(Bloomberg) -- Companies in Ireland will receive help with their energy bills in an early budget to be announced Tuesday, amid a raft of measures aimed at tackling the cost-of-living crisis.

Ireland’s fiscal plan for the following year is normally announced in October but was brought forward amid a worsening economic environment. In addition to the 6.7 billion euro ($6.4 billion) plan set out in the summer, the government will announce a cost-of-living package of one-off supports to be paid before the end of 2022. These will aim to alleviate pressure on households as well as to protect jobs by helping small and medium-sized businesses, Prime Minister Micheal Martin said in an interview last week.

Short-term measures expected include 

  • household energy credits totaling 600 euros
  • tax credits for renters
  • some sort of relief for small landlords in recognition of the acute shortage of available properties

Longer-term plans reported to be considered include raising the threshold for the top level of income tax from 36,800 euros to 40,000. 

“If the arithmetic is as it suggests then this budget is going to spend significantly more than any recent budget,” said Kevin McLoughlin, head of tax at EY Ireland. “The significance of the amounts involved in terms of both tax and other measures cannot be understated.”

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Expectations are high, coming as the government presides over a fiscal surplus, largely fueled by record tax receipts from corporations. The state expects to record a surplus of more than 4.4 billion euros in 2022 and potentially close to 12 billion in 2023 before budget commitments are made, according to a White Paper published by the Department of Finance over the weekend. 

Even so, the government has indicated it intends to maintain a reserve in order to tackle further economic challenges. 

“We will not empty the tank now,” Deputy Prime Minister  Leo Varadkar said in Dublin last week. “We will keep resources in reserve so that we can respond as the situation develops and intervene again if we need to, if this crisis persists.”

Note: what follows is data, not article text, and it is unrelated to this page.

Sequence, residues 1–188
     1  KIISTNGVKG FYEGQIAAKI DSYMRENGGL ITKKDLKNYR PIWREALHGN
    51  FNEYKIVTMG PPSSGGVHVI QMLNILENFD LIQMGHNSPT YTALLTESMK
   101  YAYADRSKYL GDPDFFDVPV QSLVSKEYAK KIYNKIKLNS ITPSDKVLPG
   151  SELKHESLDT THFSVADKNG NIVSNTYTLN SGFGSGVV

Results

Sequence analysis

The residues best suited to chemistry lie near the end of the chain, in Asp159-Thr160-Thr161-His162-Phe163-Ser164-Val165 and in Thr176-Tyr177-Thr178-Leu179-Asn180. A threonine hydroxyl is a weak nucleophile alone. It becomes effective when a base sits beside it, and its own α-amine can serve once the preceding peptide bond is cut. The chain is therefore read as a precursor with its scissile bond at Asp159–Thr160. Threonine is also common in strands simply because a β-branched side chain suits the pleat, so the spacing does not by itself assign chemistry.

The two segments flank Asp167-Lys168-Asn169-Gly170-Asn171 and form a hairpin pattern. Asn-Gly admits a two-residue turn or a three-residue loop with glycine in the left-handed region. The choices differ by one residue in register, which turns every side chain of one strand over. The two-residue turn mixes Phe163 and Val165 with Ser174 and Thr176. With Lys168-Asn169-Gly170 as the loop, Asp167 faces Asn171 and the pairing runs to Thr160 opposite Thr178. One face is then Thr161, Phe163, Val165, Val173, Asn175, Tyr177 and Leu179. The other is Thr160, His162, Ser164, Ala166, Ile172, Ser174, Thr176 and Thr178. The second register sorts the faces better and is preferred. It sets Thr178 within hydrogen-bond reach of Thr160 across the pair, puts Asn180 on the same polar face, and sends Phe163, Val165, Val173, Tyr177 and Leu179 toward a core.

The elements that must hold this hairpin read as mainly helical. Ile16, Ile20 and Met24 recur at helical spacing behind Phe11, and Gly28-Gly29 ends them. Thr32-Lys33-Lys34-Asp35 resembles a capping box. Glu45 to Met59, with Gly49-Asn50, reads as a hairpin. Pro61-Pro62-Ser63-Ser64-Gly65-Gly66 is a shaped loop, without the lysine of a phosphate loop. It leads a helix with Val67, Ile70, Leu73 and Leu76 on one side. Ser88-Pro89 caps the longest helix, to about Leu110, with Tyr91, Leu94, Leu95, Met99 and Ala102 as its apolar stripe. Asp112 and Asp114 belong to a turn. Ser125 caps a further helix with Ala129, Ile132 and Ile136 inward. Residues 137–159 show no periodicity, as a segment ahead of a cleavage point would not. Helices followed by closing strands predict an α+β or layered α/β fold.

Calls for energy price caps or a windfall tax on energy firms are also likely to be disappointed, as the government awaits a directive on a European Union level, according to McLoughlin. 

Ireland is not alone in trying to help households and businesses amid an energy and cost-of-living crisis. The French government on Monday announced extra spending plans to cushion energy price shocks, while the UK last week unleashed a series of tax cuts. 

Still, Tuesday’s statement is likely to strike a different tone from economic statements elsewhere in Europe.

“The major feature of this support is going to be temporary in nature -- temporary and targeted,” Goodbody Stockbrokers Unlimited Chief Economist Dermot O’Leary said. Unlike the UK, there aren’t going to be ideological changes in terms of taxing and spending, he said. “We’ve been a bit lucky relative to other countries to have this corporate tax windfall and it would be right to use that solely on temporary spending measures to do with the cost of living crisis at this point in time.” 

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